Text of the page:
8 Warning Signs – Caring For an Aging Parent Who Lives Alone


By Gregory Weldy

Give yourself peace of mind by learning the warning signals that mean your parent can no longer care for themselves and that you may need another elder care solution:

1. Sudden weight loss - Whether Dad's pants are looser than normal, or Mom's bones suddenly seem to tent up her skin, unexplained weight loss can be an important sign that all's not well with your parent. Undiagnosed illness and depression are common causes of weight changes, and, if you're caring for an aging parent, they could indicate it's time for your loved one to change living situations.

2. Disorientation - If Mom can't remember which room is her bedroom or can't seem to remember that your name is Maggie and not Aunt Hannah, then it's time to consider whether living alone is the best elder care solution-especially if the behavior is consistent.

3. Poor hygiene - Maybe Dad is starting acquire a not-so-nice scent? Perhaps your formerly impeccably-dressed mother no longer takes the time to button her shirt properly? Hygiene issues can be a result of physical problems, such as severe arthritis, or mental conditions, such as Alzheimer's disease. When you see these signs, it's time to consider another elder care solution, such as inviting your parent to share your home or finding in-home care.

4. Medicine mistakes - The inability to take medications properly is one of the leading reasons the elderly are admitted to nursing homes. If you notice that your loved one forgets to take prescribed drugs or if they take too much medicine, it might be time to consider a different elder care solution.

5. Car accidents - If mom or dad has caused a string of fender benders or other car accidents, it can indicate that their days of complete independence are coming to an end. These accidents can be caused by worsening eyesight or medications that trigger drowsiness. An elder care solution to this challenge might include living with a family member who can provide transportation or switching to public transport.

6. Increased forgetfulness - While many seniors experience occasional forgetfulness, this condition can indicate impaired brain function if it happens frequently. Caring for aging parent strategies should include watching for signs, such as neglecting to turn off the stove or forgetting where frequently used objects, like a television, are located.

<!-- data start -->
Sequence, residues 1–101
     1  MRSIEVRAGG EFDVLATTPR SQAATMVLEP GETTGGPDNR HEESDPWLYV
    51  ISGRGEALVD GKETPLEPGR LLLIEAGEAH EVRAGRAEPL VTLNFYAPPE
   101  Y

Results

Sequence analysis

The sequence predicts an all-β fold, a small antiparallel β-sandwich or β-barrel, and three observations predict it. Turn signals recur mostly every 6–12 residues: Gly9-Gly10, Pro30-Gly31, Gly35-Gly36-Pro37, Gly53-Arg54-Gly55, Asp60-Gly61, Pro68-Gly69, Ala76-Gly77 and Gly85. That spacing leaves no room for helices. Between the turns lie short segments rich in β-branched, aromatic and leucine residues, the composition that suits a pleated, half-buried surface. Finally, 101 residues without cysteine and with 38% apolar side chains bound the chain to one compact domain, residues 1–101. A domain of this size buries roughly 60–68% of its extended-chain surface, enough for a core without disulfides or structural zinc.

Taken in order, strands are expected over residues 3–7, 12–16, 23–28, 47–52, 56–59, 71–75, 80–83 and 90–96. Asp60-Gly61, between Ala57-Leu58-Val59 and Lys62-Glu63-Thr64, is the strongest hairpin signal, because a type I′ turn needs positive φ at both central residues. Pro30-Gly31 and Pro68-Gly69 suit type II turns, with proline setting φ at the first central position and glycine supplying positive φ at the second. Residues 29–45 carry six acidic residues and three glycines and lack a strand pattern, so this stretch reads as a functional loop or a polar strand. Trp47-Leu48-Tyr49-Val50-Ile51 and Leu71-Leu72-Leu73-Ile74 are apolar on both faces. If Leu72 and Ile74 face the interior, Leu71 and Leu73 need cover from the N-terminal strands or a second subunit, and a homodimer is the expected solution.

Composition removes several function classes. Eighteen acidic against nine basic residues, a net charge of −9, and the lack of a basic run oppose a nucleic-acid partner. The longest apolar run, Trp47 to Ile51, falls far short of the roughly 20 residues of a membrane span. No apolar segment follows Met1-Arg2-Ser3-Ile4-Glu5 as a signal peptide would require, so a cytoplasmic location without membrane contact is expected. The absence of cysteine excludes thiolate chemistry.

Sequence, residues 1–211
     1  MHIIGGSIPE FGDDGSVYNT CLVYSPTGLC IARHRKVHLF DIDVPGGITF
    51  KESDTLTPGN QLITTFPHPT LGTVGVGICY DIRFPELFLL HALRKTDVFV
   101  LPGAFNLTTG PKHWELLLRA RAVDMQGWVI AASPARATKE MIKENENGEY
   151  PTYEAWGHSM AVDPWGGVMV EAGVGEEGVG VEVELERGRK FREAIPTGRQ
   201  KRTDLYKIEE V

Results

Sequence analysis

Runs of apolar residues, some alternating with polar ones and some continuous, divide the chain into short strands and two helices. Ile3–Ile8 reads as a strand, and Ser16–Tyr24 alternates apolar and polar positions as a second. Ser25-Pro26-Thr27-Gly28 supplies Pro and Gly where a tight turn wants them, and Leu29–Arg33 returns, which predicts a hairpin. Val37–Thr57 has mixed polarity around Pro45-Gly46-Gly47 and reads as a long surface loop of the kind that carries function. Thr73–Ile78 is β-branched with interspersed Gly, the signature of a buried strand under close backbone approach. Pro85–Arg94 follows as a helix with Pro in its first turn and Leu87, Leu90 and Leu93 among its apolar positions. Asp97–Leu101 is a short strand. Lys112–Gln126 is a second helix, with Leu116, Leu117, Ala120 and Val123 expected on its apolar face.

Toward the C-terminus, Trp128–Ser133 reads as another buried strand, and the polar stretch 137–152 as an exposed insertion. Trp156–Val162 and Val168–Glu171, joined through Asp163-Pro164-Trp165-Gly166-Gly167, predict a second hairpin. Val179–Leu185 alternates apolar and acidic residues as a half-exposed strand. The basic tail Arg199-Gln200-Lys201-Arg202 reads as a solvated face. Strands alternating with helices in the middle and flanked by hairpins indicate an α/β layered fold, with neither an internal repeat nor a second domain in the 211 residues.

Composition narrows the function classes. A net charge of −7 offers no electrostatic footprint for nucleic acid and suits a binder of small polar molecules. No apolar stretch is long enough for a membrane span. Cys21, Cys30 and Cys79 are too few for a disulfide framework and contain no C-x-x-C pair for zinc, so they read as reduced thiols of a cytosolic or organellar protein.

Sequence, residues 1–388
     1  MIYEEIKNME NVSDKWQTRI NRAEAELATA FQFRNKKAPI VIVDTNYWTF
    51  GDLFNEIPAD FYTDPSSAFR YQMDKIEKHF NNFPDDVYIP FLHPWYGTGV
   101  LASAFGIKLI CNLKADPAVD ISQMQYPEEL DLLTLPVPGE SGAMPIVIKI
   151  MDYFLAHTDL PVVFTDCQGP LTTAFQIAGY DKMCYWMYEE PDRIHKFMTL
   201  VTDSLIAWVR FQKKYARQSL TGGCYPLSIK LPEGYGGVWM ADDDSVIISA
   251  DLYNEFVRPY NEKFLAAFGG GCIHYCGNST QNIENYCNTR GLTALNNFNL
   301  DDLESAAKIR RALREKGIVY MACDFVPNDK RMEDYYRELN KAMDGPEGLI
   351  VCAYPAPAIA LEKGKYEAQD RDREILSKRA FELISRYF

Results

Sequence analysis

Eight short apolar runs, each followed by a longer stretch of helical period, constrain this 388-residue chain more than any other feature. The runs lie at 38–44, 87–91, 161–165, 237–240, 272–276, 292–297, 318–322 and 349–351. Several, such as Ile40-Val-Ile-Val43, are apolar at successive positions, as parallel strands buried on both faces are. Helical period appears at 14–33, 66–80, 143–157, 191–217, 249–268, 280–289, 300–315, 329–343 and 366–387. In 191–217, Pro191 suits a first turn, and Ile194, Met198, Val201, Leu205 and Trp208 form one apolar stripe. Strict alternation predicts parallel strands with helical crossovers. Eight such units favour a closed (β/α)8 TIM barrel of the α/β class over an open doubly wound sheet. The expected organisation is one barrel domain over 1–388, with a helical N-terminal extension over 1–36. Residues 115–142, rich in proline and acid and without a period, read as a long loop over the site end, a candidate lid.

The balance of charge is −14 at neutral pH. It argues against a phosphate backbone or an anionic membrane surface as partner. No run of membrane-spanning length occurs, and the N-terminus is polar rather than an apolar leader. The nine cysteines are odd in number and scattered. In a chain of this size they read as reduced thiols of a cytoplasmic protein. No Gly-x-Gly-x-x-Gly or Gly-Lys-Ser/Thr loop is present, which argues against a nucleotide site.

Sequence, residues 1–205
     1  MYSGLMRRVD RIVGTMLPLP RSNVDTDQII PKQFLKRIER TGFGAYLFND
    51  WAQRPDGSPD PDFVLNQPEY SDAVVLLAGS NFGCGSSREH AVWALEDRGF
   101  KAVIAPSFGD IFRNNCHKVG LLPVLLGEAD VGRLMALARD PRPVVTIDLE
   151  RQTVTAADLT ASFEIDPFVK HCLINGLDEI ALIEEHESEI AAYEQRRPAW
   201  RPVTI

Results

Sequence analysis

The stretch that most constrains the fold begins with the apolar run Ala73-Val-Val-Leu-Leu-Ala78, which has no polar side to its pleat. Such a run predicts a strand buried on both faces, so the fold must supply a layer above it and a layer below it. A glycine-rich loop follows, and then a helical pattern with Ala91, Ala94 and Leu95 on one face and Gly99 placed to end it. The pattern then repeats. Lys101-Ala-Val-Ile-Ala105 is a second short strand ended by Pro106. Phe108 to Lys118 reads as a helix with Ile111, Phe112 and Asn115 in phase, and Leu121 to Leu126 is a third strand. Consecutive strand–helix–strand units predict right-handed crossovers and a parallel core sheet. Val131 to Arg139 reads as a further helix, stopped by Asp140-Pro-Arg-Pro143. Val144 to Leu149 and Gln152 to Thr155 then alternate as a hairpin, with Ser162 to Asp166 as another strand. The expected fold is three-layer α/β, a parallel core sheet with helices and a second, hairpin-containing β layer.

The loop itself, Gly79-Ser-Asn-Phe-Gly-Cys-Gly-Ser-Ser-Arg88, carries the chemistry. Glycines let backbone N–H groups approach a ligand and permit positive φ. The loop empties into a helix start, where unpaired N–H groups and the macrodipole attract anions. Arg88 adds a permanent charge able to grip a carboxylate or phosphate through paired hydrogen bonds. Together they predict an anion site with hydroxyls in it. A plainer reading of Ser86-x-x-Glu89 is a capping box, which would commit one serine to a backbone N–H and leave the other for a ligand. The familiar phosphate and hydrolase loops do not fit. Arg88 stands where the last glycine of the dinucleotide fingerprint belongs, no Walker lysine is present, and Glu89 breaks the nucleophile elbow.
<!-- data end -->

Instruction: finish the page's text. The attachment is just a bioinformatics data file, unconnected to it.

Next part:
7. Bruises, burn, or other injuries - When caring for an aging parent, watch for signs of injury that indicate mom's physical condition is deteriorating. Bruises and scrapes can indicate falls, while burns can indicate clumsiness with cigarettes or cooking accidents.

8. Paranoia - A sudden and unreasonable fear of people can indicate a brain condition like Alzheimer's disease. Seniors with paranoia might falsely believe that others-from an adult child to a grocery store clerk-are going to cheat them or try to harm them. If you see paranoia, you'll want to find an elder care solution that includes counseling and, possibly, medication.

Share these warning signs with family and friends so everyone can be part of your caring for aging parent plan. By learning the warning signs that say independent living is no longer the right choice for your loved one, you can find the best elder care solution for you and your family.

Gregory Weldy is an expert on guiding families through the challenges of caring for an aging parent.  He has written an amazing Free report, "Prevent nursing home nightmares: Caring for aging parents." To claim you FREE copy, visit: http://www.BestElderCareAtHome.com.


1 Response

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  2. Caring for Aging Parents
    Great tips and advice. Falls are also an indication of physical changes such as decreased balance and strength. These should be brought to the attention of health care professionals such as family doctors, nurses, physical or occupational therapists. Kevin

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